Our world faces a mental health pandemic as serious as the one that changed our lives forever in 2020. According to the 2022 World Mental Health Report, there were 970 million people living with mental disorders globally in 2019, including 14% of the world’s adolescents.
Suicide accounted for more than one in 100 deaths; 58% of suicides occurred before the age of 50 and is the fourth-highest cause of death among 15- to 29-year-olds. An estimated 82% of the people living with mental disorders reportedly reside in low- and middle-income countries, including ours.
South Africa ranks low on mental health, according to the report. This is because our country is beset by living conditions that fuel poor mental health, including social and structural drivers, such as high levels of violence, poverty, unemployment and inequality.
Combined, these factors result in mental health disorders, such as psychological distress, inability to concentrate, depression, anxiety, suicide, hopelessness and feelings of worthlessness.
These in turn make it hard to build social cohesion, foster civic-minded action and encourage the emergence of a united citizenry, committed to community and national upliftment.
South Africa’s history of apartheid, including its migrant labour models that destroyed the family structure, particularly among African communities, continues to have a negative impact on the mental health of women and children.
This is evident in our phenomenon of absent fathers, which deprives children of the opportunity to be brought up by both parents, which has been shown to confer a massive developmental advantage.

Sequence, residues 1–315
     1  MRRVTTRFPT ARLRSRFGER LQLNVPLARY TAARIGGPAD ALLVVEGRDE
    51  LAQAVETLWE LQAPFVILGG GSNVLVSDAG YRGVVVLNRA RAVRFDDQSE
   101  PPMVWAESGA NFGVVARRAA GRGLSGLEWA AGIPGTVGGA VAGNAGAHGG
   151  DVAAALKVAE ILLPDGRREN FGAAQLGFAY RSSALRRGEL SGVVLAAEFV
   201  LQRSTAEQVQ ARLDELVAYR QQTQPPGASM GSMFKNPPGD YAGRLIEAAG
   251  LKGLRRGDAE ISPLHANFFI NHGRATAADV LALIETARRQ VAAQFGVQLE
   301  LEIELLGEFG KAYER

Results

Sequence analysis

In addition, it places extra strain and stress on women to bring up children alone, while coping with broader gender discrimination.
In addition, this history has led to the unfortunate phenomenon of child-headed households.
In the fight to promote mental wellness, the first enemy is our very history as a country.
The social conditions engendered by colonial exploitation, the violent entrenchment of apartheid, the enforcement of a policy of deliberate underdevelopment of large parts of the population over many decades, the social and economic disruption of our communities and the enduring scars of our struggle against all of these have left us with a bitter legacy of morbid symptoms for which we are, sadly, ill prepared and poorly equipped.
Mental health services in South Africa are inadequate, both in the public and private sector.
Of the increasing numbers of our people succumbing to mental health illness, it is estimated that only 27% are receiving treatment. This is unacceptably low and means three-quarters of the people who need critical care are not receiving it.
This hampers the vision of improving mental health among South Africans as espoused in the National Mental Health Policy and Strategic Framework 2013 – 2020.
Only a small proportion of our health budget goes to mental health, with most of the available mental health funding allocated to psychiatric hospitals, leaving very little for community-based services.